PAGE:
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Utah cop suspended after requesting ‘less conspicuous’ job at gay pride parade: attorney

While the department claims he refused to work the parade, his attorney says he was asked to join a choreographed motorcycle formation and simply requested a lower profile job.
Wed Jun 11, 2014 - 9:54 am EST
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SALT LAKE CITY, Utah – A police officer in Salt Lake City has been placed on administrative leave and is facing an internal affairs investigation after his superiors alleged he refused to direct traffic or provide security at Sunday’s Utah Pride Festival, a pro-homosexual event known for indecent displays of public semi-nudity and sexually explicit behavior.

The officer’s attorney, however, claims the officer was told to join a choreographed motorcycle formation at the beginning of the parade and had simply requested a “less conspicuous” job, such as traffic enforcement or security.

The officer, who has not been named by the Salt Lake City Police Department, objected to the assignment based on his personal beliefs.  A spokesperson for the police department told local news station Fox 13 that that was unacceptable.

“The vast majority of officers understand: When they put their badge on and come to work, they leave their personal beliefs at home, and we provide service to the community,” said spokeswoman Lara Jones.

“We don’t tolerate bias and bigotry in the department,” Jones told another local outlet, KSL.com, “and assignments are assignments.  To allow personal opinion to enter into whether an officer will take a post is not something that can be tolerated in a police department.”

However, local attorney Bret Rawson, a former candidate for Utah attorney general, is disputing the police department’s account of the events that led to his client’s suspension.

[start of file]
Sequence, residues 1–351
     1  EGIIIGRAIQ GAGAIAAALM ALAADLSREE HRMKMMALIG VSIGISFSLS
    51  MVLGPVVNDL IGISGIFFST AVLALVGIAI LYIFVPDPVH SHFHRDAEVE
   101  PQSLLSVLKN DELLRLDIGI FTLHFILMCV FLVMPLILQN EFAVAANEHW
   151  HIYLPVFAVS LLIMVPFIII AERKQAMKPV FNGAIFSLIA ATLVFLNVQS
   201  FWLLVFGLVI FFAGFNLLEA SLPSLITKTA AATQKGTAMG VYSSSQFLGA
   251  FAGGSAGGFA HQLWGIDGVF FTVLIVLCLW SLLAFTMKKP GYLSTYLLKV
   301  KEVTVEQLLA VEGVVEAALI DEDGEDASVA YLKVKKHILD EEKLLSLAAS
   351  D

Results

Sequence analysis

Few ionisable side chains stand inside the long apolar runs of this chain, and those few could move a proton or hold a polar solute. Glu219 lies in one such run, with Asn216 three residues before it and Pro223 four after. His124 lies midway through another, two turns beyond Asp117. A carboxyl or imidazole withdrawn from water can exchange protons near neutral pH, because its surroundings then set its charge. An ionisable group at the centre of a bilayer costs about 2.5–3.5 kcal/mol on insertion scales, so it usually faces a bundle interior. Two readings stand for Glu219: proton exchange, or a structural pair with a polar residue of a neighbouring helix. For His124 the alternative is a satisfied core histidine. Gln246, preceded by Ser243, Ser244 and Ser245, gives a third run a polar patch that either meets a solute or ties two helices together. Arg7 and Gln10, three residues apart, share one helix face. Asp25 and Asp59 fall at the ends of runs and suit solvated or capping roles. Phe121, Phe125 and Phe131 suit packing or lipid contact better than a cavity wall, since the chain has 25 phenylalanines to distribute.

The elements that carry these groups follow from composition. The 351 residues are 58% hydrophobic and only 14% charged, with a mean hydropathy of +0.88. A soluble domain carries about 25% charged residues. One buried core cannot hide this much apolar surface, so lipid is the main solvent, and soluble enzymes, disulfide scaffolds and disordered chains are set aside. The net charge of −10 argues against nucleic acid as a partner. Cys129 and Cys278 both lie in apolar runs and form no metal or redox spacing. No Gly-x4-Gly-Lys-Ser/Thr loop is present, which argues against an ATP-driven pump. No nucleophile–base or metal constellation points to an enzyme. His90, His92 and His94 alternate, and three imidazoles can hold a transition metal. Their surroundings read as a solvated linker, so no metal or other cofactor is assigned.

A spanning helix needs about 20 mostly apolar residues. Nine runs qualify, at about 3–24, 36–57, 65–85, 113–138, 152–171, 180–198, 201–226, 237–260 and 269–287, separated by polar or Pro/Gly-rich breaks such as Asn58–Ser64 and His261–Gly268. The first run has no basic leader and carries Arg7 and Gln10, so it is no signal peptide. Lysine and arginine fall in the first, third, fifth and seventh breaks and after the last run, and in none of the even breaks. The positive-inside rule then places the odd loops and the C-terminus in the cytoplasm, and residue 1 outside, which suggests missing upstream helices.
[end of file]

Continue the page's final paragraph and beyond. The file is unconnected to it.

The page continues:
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"The officer simply felt that the level of participation required in the event could be perceived as endorsing or advocating in favor of the LGBTQ community, a position which made him uncomfortable, given his personal and religious beliefs," Rawson told the Salt Lake Tribune on Monday.

"He never refused to do his job," Rawson said. "He specified that if he was required to do [the motorcycle assignment], he would do that. So he was very surprised that he was put on administrative leave."

Rawson said that the officer felt his constitutional rights had been violated by the suspension.

"[My client] feels that the same protections that afford individuals to participate in a parade like we had yesterday, are the very constitutional protections that were not afforded to him," he explained. 

The media frenzy surrounding the officer’s suspension and the public accusations of bigotry by his superiors amounted to a “constructive termination” or firing for his religious beliefs, said the attorney. “No reasonable, rational person could stay at work under these circumstances.”

LifeSiteNews reached out to Rawson by phone and e-mail to ask what his client’s next steps will be, but the messages were not returned by press time.  However, police department spokeswoman Jones told the Salt Lake Tribune that the department had “received notice of pending litigation.” 


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